I would suggest for a more enjoyable game experience (if you are ok with this) ignore this Errata’s restriction. I would also ignore Nori’s errata, and change Master of Lore’s to “this effect cannot be applied to the same named card more than once per phase” to have the old master back, without the infinite combo.

      It just seems more fun this way!

  4. Arlecchino permalink

    This is a great in depth look at a potential throw away card. You make such a great argument not only for the card itself, but also for the value in decks that are support decks or ones that think outside the box. It’s the thing I love best about this game and the LOTR LCG community. There is value seen in decks that aren’t in the Dwarf or Outland mode. This game becomes about the fun of creating and using different types of decks and builds rather than number crunching out the uber deck and just playing with that. Thanks!

  5. Mike D (Pharmboys2013) permalink

    good article; glad to see the palantir getting the respect it deserves

  6. Landroval permalink

    RE: Boromir – Potential Threat Cost is just too high to put this in a solo/mono tactics-based deck. I want to reduce threat by 6 not raise it!

    However, a Boromir/Denethor/Aragorn(Lo) deck could be potent and thematic. (but starting threat is 31?). I suppose what you really want is to combine it with the Earandil/Wandering took and another player.

    The point about using it once and then using it again being much easier, is fine, but what if you see 1 Treachery 1 Location 1 Enemy. What then? you have to stop using it for a few turns. You may see a chain of cards which is high threat location + surge > a strong enemy a > devastating shadow effect on a treachery. Knowing about it may help but unless you have some appropriate cards in your hand to deal with that then raising your threat by 4 will just be salt in the wound.

    Great article btw.

    Given the little i have seen of it, I suspect that the next cycle after Numenor will include some quests which make this card indespensible.

  7. I think you have successfully made the first ‘Scout’ deck! They go and check things out and the Rangers come up behind and set the traps. Pretty cool.

    And I made a post over on the FFG boards about Dáin’s apparent lack of nobility, and most agreed it was just an oversight. Hopefully he’ll get some errata love at some point.

    • Traekos77 permalink

      Dain would be the perfect hero for Palantir. Leave him ready until the after combat, use the palantir and then have him ready again for the next round.

      • Matt permalink

        Using the Palantir is a Planning Action (can only be used during the Planning phase). Great thought though!

  8. mndela permalink

    One question: only the player who has attached the Palantir can see the next top 3 cards of the encounter deck or all players in game can see them?

    • Technically, only the player with Palantir can see them, and he/she isn’t allowed to say what they are, but since the “table talk” rules are somewhat lax, you can give descriptions of the cards, and at the very least, they can know how many of the type of card you named that are in those three cards, since they’ll see the card draw/threat effects.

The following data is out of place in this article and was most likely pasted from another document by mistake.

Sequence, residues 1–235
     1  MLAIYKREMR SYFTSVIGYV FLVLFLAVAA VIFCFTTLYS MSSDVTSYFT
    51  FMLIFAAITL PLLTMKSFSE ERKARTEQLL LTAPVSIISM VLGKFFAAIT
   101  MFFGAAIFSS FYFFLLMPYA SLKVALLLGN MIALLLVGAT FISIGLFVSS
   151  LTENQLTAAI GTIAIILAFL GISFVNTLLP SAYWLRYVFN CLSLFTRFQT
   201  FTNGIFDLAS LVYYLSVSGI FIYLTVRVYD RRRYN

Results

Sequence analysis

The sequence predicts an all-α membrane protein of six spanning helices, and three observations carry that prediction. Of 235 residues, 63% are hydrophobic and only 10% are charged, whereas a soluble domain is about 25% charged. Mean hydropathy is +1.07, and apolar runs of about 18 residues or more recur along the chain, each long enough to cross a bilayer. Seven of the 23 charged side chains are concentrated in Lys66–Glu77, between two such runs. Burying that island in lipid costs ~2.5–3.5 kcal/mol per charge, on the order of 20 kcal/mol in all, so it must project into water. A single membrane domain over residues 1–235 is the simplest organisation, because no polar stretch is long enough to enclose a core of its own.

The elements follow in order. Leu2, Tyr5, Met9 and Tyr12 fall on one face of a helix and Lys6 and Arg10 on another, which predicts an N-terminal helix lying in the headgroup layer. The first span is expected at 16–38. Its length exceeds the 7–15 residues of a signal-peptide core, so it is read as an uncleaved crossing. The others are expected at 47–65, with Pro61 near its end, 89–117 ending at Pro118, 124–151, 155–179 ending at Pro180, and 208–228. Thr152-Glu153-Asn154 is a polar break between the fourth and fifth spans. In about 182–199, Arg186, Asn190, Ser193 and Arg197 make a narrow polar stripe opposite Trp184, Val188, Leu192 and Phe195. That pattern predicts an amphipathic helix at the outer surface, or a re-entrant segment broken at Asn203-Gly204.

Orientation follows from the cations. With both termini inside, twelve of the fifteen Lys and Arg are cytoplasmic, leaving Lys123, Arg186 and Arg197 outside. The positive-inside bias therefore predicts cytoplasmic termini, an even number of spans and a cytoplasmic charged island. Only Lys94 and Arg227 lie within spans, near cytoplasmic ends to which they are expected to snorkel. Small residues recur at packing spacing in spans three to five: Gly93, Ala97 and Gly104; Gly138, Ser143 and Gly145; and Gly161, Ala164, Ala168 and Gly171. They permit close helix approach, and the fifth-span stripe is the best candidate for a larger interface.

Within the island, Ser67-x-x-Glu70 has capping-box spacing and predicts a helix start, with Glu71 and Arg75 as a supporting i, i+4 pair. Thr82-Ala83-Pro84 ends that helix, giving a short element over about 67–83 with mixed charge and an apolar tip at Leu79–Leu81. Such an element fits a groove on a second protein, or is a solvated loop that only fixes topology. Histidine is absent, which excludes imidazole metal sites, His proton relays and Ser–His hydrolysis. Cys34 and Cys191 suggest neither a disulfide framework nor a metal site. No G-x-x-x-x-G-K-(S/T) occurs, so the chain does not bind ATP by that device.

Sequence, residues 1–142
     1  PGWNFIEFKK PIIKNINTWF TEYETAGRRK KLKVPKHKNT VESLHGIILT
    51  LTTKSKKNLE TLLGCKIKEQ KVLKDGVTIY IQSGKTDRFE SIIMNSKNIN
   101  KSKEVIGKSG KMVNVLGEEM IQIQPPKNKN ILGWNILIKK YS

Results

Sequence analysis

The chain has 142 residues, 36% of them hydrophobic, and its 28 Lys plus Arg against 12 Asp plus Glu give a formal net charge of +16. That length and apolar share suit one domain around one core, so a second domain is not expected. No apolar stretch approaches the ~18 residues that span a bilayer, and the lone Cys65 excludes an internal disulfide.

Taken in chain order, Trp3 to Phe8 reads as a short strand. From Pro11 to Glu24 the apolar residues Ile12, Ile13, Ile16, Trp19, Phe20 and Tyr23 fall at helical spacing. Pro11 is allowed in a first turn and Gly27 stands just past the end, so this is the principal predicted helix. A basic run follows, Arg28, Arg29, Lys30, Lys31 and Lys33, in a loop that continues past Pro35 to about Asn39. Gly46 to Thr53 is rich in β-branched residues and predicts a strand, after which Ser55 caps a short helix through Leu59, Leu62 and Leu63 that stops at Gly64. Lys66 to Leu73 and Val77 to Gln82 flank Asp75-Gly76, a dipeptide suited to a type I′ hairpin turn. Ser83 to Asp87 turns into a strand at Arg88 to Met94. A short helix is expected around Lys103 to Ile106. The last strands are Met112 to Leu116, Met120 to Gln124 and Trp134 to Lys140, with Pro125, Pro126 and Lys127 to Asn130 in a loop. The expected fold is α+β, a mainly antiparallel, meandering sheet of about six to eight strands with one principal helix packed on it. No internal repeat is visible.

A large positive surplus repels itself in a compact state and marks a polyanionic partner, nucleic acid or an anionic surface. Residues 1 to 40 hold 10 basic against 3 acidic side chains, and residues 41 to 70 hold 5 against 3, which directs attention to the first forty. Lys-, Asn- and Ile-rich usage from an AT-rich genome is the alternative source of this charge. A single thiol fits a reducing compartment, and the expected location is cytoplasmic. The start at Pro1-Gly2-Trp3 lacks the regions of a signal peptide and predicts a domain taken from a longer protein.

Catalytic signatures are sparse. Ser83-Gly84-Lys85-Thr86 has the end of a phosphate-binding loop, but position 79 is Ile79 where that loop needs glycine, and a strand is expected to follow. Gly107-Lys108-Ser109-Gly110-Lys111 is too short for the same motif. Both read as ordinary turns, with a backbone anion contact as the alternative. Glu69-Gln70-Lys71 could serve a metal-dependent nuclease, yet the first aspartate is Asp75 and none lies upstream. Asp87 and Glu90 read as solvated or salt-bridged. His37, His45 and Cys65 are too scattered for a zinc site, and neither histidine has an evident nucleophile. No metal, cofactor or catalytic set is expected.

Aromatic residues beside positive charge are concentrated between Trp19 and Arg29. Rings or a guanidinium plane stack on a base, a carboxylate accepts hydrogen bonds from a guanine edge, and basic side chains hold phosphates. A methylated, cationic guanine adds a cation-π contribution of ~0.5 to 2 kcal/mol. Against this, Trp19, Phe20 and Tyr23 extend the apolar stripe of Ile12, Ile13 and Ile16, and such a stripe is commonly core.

9. ishallcallusting permalink

    @Landroval I agree that if you want to put Palantir on Boromir you need major threat reduction and three color is not really an option. If we go with your idea that you pretty much have to splash blue. You can use Rivendale Minstrels to fetch songs of travel and play your wandering took, etc. Then you can play song of earandil on your partner’s hero. You would then have to have a blue partner. Then they could finally see a Rider of the Mark bounce back and forth between players! By the way, you can play Gladhrim’s greeting to lower a partner’s threat by 6. It could be done.

    As for your other point. Yes you can end up in situations where you have no answer, but those situations would be there anyway. It is always better to know what is coming. Also, as I said in the article, you can use the Ravens of the Mountains to shuffle the encounter deck. So there is an answer 🙂

    @mndela I think that technically only the player who controls the Palantir sees the cards, but then that player can talk and tell people what is coming or what to do. I don’t care much for rules that restrict interaction between players and generally ignore that stuff, but you can stickle if you like.

    Thanks all for your comments and thoughts 🙂

  10. One suggestion: since this deck is meant to be played along side a Ranger/Trap deck, and both decks need to keep their threat low, then Song of Earendil can be used to try to keep the threat somewhat level between the two decks so that neither deck gets too high.

  11. sweetnesswhachacha permalink

    Haha, I just mentioned in the last article many similar thoughts on the Palintir! Thanks for the article, my big takeaway would be Boromir, he’s a threat increaser, but you can ready him again after scrying. The downside on Eleanor is that you can’t use her treachery cancellation after you exhaust her to scry, but I suppose whoever you put it on will be useless until you could get an unexpected courage on them. Although you could put in on glorfindel (with light of valinor), and just use the ability at the end of the round to see the next rounds staging…

Trackbacks & Pingbacks

  1. Deck Building 101: Card Draw | Tales from the Cards
  2. Deck Building 101: Scrying | Tales from the Cards
  3. Deck Spotlight: Galadriel Gets A Palantir | Tales from the Cards